Just a couple weeks ago, affordable-housing proponents had little hope that developments to replace the public-housing complexes torn down after the levee failures would materialize.
A damning federal assessment of the Housing Authority of New Orleans stated that, “Two of HANO’s Big Four the former Lafitte and B.W. Cooper projects mixed-income deals are in jeopardy. Lafitte and B.W. Cooper risk not moving forward as planned if Congress does not pass a Placed-in-Service extender bill in the immediate future.”
Such a move would give developers more time to close their deals and get their developments off the ground with the help of low income housing tax credits, which are due to expire at the end of this year. The U.S. Senate did just that as it passed the American Workers, State, and Business Relief Act, a $130 billion dollar bill known nationally for extending unemployment benefits. Locally it’s likely to be known for its provision to not only give Gulf states the much needed extension of the placed-in-service dates, but also lets the state exchange its tax credits for cash through the federal stimulus program.
“Without this bill, the critical housing reconstruction projects that are under way would be shut down,” said Sen. Mary Landrieu, D-La, who helped secure the measure in the bill.
Sen. David Vitter, R-La., did his part to secure the tax-credit exchange – considered a long shot by many.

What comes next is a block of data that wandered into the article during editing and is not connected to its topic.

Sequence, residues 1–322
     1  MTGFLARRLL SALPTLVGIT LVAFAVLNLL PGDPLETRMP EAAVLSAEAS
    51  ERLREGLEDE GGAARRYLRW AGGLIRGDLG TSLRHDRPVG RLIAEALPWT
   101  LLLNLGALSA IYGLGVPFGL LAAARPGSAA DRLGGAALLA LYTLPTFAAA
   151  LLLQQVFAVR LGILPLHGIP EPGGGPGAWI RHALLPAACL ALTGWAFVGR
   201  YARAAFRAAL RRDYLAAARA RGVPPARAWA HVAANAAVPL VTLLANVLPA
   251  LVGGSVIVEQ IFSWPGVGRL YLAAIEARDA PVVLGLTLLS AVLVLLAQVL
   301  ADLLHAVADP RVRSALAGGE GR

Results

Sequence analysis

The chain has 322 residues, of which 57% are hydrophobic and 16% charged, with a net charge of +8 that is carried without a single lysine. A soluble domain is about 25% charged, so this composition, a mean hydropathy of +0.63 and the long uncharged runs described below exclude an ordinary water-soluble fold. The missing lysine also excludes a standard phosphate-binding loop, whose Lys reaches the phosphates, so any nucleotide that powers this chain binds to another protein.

“Allowing disaster housing credits to be exchanged, along with the two-year extension in the placed-in-service deadline, will allow much needed housing developments to move forward,” Vitter said in a press release.
Many housing advocates and elected officials had been pushing for the extension, which seemed like the most likely option open to Congress. However, the extension would have meant little if developers were not able to cash in their low-income housing tax credits. The tax credits waned and depreciated during the financial market crisis leaving the fate of developments such as the former Lafitte and B.W. projects looking futureless.
When the stimulus was passed, it allowed for low-income housing tax credits to be exchanged for cash due to the financial crisis. But in a discretionary move by Treasury Secretary Timothy Geithner, Gulf Opportunity Zone low-income housing tax credits were excluded. While a bipartisan Louisiana delegation – at both state and federal levels – pushed for the exchange, Geithner wouldn’t budge, leaving a legislative fix as the last recourse.
The Senate provisions still need to go through the House, and ultimately need President Barack Obama’s approval.
The state, particularly the Louisiana Housing Finance Agency, which administers the GO Zone tax credits, is optimistic.
“We are very pleased with this vote from the Senate,” said agency President Milton Bailey. “Louisiana and the other Gulf States were dealt dual blows: first by the hurricanes of 2005, and then by the recent economic crisis. The GO Zone tax credits are an integral part of the Gulf’s rebuilding efforts, but the landscape has changed since they were first instituted in 2006. We are very grateful that these needed changes were made so that we can continue our rebuilding efforts.”
Read Lens other coverage of this issue:
“Louisiana hit hard, but not among ‘hardest hit’” http://thelensnola.org/archives/3932
“Forgiveness as policy” http://thelensnola.org/archives/3560
“Judge sympathetic, but dismisses complaint about housing money shifted to port” http://thelensnola.org/archives/3460
“Lens Transcript: Louisiana Housing Chief Milton Bailey” http://thelensnola.org/archives/2958
“BGR President: ‘Inaccurate’ to say too much affordable housing” http://thelensnola.org/archives/3055